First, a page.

Tom Foley: The last US House Speaker of a lost bipartisan age
Known for his commentary on international relations and US politics, Rupert Cornwell also contributes obituaries and occasionally even a column for the sports pages. With The Independent since its launch in 1986, he was the paper's first Moscow correspondent - covering the collapse of the Soviet Union – during which time he won two British Press Awards. Previously a foreign correspondent for the Financial Times and Reuters, he has also been a diplomatic correspondent, leader writer and columnist, and has served as Washington bureau editor. In 1983 he published God's Banker, about Roberto Calvi, the Italian banker found hanging from Blackfriars Bridge.
Tuesday 22 October 2013
Tom Foley was the last House Speaker of a vanished age, when compromise was not a dirty word on Capitol Hill, when Congress functioned more or less as it was meant to and respect or even affection for one's opponent was not regarded as a near-mortal sin. His defining qualities – patience, civility and a sense of measure – were those conspicuous by their absence now in this era of government shutdown and Tea Party extremism.
He looked the part too, tall, slightly stooped and ever impeccably dressed. Foley was a Democrat to the core. None the less during his five years as Speaker, between 1989 and 1994, he held regular weekly meetings with his Republican opposite number, the minority leader Bob Michel, a practice unimaginable today.
The son of a county judge in Republican-leaning eastern Washington, and a protégé of that state's legendary Senator Henry "Scoop" Jackson, Foley launched his national political career in 1964 with an improbable challenge to a 22-year incumbent in Washington's 5th Congressional district, that included his home town Spokane. Riding the momentum of Lyndon Johnson's landslide victory over Barry Goldwater that year, Foley triumphed, and would hold the seat himself for the next 30 years, never spending a single day in the minority. Typically, after his success he held a reception honour of Walt Horan, the man he defeated.
In the House Foley rose steadily, almost by acclamation, within his party. By 1975 he was chairman of the House Agricultural Committee, where he improved food safety regulations and consolidated the food stamp programme (today a prime target of conservative Republicans). Four years later he was elected Democratic whip, the third-ranking position in the majority party. In 1987 he became majority leader. In June 1989, when Speaker Jim Wright was felled in an ethics scandal, driven by the then Republican whip Newt Gingrich, Foley was Wright's inevitable successor.
The Wright affair ushered in the take-no-prisoners style of politics that is hallmark of how the House of Representatives operates today, and the Foley speakership would be the last hurrah of the old guard, even as the atmosphere grew more poisonous. Its achievements none the less were notable, including an important update of the Clean Air Act, major expansions of the Medicare and education programmes, as well as a far-reaching 1990 budget deal and approval of the North Atlantic Free Trade Agreement in 1993, after Bill Clinton entered the White House.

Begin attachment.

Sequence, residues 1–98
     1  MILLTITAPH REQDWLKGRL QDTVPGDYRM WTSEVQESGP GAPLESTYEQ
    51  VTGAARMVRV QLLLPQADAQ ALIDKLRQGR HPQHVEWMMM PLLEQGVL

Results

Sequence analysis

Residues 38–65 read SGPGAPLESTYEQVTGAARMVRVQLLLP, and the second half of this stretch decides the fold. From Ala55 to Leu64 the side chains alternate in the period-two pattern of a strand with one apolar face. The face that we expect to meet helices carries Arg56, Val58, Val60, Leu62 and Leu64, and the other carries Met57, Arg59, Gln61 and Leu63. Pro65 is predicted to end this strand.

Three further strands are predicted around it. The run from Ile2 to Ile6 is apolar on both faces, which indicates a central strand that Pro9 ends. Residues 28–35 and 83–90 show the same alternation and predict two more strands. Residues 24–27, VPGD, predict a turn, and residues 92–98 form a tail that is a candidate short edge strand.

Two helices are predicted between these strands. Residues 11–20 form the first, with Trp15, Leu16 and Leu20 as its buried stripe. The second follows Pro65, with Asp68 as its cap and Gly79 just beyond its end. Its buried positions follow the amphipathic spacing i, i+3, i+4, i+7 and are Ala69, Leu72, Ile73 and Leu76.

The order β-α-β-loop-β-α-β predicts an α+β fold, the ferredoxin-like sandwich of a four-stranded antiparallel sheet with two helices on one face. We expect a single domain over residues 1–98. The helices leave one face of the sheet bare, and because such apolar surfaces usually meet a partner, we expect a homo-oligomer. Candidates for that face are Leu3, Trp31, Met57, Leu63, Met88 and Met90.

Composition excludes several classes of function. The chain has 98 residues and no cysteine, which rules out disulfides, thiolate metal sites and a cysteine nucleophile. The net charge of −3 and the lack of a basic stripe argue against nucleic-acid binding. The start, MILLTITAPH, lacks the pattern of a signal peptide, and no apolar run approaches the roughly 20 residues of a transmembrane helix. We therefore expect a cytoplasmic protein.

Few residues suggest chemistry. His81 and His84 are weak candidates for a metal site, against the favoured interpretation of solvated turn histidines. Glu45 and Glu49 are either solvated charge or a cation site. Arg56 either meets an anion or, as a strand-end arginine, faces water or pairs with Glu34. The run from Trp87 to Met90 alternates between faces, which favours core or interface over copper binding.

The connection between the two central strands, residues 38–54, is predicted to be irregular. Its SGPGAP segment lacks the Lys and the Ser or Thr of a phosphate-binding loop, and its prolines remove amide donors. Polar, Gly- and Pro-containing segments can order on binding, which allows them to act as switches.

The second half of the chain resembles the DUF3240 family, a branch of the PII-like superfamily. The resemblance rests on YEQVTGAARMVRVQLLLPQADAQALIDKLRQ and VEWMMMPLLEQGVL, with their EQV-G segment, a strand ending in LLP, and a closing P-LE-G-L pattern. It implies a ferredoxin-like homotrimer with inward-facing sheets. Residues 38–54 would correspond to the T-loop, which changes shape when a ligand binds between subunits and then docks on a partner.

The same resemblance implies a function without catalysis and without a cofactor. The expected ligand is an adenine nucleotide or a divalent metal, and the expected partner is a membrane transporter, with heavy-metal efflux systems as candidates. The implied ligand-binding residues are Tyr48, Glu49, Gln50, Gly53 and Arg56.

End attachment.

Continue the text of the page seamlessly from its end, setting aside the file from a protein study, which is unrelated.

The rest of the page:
By then, however, the storm clouds were darkening. Foley had never been the most natural fit for an increasingly conservative eastern Washington, and more than once he faced a close re-election battle. But, aided by his pro-farming stance and opposition to gun controls, he survived – until the "Republican Revolution" spearheaded by Gingrich, of the 1994 mid-term elections.
By then Foley's unwavering opposition to term limits – a fashionable notion at the time – enabled Republicans to depict him as the incarnation of a complacent, Democrat-dominated status quo. In his home state, his Republican opponent George Nethercutt portrayed him as an out-of-touch creature of Washington DC. On election night Foley was Gingrich's biggest scalp of all, the first incumbent Speaker to lose his seat since the American Civil War.
In fact his interests stretched far beyond Washington and its intrigues. A firm Anglophile, he was also a long-standing member of the Bilderberg Group, seen by some of more paranoid disposition as a secretive and unofficial world government. Afer his departure from Congress he served as Clinton's ambassador to Tokyo for four years, a job he loved.
In 1968 he married Heather Strachan, lawyer and daughter of a diplomat, in a personal and political partnership that would last 45 years. The couple had no children, and Heather became an unpaid but effective chief of staff to her husband, her influence resented by some on Capitol Hill. In her own obituary of him, she described Tom Foley's qualities. He was, she wrote, "very much a believer that the perfect should not get in the way of the achievable… that half of something was better than none, and that there was always another day and another Congress to move forward and get the other half done." How different from today.
Thomas Stephen Foley, politician: born Spokane, Washington 6 March 1929; US Representative, 5th District, Washington state 1965-1995; Majority leader, House of Representatives 1987-1989, Speaker 1989-1995; US Ambassador to Japan 1997-2001; married 1968 Heather Strachan; died Washington DC 18 October 2013.
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